All federally regulated railway companies were visited and at the same time, additional education and awareness regarding the requirements of the 2015 SMS Regulations was offered.

Phase II started immediately following the completion of Phase I. Targeted inspections are underway to ensure that all companies are compliant with the development of their SMS according to the regulatory requirements. Phase II is expected to be completed by 31 March 2016.

Phase III will begin as of April 2016 and will involve audits of company SMS. These audits will verify if companies are continuing to meet the requirements of the regulations and are striving to achieve the highest level of safety. Training and tools for Rail Safety Inspectors are being developed to support the conduct of these audits.

Response from the Railway Association of Canada to Recommendation R14-05 (January 2016)

Our Class I railways have a comprehensive safety management system (SMS) that has been audited by Transport Canada (TC) on several occasions. New SMS regulations came into effect on 01 April 2015 and all Railway Association of Canada (RAC) members have recently undergone targeted SMS inspections by TC. The RAC has mandated that membership requires enhanced attention to improving safety culture within their organizations. It is well recognized that good safety culture ensures optimum performance of SMS. The RAC delivered a number of conferences and workshops to members in 2015. A new position was established in January 2015 for an RAC Chief Safety Culture Officer, who oversees the program for the industry governing related training, assessments, outreach, tools and association standards for members.

Board reassessment of the response to Recommendation R14-05 (March 2016)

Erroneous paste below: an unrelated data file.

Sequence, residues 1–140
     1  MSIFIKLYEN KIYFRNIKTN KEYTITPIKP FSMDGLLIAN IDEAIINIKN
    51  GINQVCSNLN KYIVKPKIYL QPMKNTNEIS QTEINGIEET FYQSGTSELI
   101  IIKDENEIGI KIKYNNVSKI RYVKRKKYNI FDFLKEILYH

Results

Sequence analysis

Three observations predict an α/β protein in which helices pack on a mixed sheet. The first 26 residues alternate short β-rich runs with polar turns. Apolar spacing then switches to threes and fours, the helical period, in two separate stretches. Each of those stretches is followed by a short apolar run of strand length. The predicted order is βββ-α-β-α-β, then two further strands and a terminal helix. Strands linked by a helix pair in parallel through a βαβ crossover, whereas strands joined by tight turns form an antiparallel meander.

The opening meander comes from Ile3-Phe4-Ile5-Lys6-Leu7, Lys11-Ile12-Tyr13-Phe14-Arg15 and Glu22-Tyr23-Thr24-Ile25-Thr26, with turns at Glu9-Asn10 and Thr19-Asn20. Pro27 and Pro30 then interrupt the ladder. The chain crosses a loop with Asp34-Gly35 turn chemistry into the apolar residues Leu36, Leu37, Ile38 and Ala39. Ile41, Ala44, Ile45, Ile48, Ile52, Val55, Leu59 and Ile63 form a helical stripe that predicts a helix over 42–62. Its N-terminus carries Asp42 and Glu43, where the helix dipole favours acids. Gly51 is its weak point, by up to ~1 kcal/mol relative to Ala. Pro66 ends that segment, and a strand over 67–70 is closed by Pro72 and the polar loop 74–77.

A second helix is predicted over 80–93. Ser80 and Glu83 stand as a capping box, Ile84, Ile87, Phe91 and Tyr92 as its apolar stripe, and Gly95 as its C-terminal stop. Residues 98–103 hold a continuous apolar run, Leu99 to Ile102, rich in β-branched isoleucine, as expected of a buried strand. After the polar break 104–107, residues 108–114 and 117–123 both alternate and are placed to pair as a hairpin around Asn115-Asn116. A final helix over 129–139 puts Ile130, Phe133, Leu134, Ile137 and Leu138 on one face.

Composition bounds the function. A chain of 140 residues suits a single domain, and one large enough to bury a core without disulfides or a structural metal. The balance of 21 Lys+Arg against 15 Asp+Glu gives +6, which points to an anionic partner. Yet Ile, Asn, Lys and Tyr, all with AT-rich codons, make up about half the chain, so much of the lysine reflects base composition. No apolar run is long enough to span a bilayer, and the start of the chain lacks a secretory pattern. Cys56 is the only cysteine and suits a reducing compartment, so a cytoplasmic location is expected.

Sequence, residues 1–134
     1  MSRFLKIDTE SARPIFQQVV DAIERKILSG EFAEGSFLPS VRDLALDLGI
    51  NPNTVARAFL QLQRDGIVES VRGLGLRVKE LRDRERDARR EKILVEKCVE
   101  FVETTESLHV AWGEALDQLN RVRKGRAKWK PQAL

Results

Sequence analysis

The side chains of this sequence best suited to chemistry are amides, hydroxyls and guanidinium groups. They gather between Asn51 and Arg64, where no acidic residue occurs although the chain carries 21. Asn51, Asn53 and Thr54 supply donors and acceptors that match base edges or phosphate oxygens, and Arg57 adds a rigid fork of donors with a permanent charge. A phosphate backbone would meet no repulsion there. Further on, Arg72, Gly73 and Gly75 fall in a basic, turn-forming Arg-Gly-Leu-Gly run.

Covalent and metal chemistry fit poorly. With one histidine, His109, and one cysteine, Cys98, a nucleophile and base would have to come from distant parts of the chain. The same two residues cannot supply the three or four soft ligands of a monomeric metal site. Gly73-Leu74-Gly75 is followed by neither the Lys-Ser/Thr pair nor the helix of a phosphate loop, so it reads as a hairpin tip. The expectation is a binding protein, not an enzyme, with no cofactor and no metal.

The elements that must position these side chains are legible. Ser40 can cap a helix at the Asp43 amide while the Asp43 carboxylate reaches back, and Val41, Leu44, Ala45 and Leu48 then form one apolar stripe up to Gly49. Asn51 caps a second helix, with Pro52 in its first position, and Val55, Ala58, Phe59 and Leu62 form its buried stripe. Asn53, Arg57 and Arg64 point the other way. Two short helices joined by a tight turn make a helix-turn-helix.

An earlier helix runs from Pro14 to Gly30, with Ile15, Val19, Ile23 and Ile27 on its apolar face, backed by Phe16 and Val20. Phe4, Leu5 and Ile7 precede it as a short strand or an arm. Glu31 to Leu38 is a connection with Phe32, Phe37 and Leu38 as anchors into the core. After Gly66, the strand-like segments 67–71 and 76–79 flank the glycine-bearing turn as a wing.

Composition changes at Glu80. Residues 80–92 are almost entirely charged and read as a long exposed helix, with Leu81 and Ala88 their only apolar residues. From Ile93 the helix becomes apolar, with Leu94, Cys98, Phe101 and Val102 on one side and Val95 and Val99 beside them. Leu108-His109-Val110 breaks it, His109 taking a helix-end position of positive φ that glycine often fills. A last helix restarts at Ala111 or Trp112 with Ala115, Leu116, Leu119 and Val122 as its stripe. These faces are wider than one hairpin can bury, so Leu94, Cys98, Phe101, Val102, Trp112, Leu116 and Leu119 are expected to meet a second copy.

The Railway Association of Canada (RAC) has taken steps to enhance attention to improving safety culture within their organizations. The RAC delivered a number of conferences and workshops to members in 2015. A new position was established in January 2015 for an RAC Chief Safety Culture Officer, who oversees the program for the industry governing related training, assessments, outreach, tools and association standards for members.

Transport Canada (TC) established a three-phase plan to assist in implementing the new requirements of the SMS Regulations which came into effect on 01 April 2015. Between April and October 2015, initial inspections were conducted as part of Phase I to ensure the regulations were being acted upon, including the establishment of various processes. For Phase II, targeted inspections are being conducted to ensure that railway companies are developing their SMS according to regulations. Starting in April 2016, Phase III will involve auditing railway companies to verify if they are continuing to meet the requirements of the regulations and are striving to achieve the highest level of safety. In addition, training and tools for Rail Safety Inspectors are being developed to support the conduct of these audits.

The Board acknowledges that good progress has been made on TC's three-phase transition plan to help companies be aware of and progressively implement the new requirements of the SMS Regulations. However, it is not yet complete.

Therefore, the Board considers the response to Recommendation R14-05 to have Satisfactory Intent.

Next TSB action

The TSB will continue to monitor TC's progress on the implementation of the amended regulations, as well as enhanced enforcement activities, and improvements to its audit and inspections programs for railways.

This deficiency file is Active.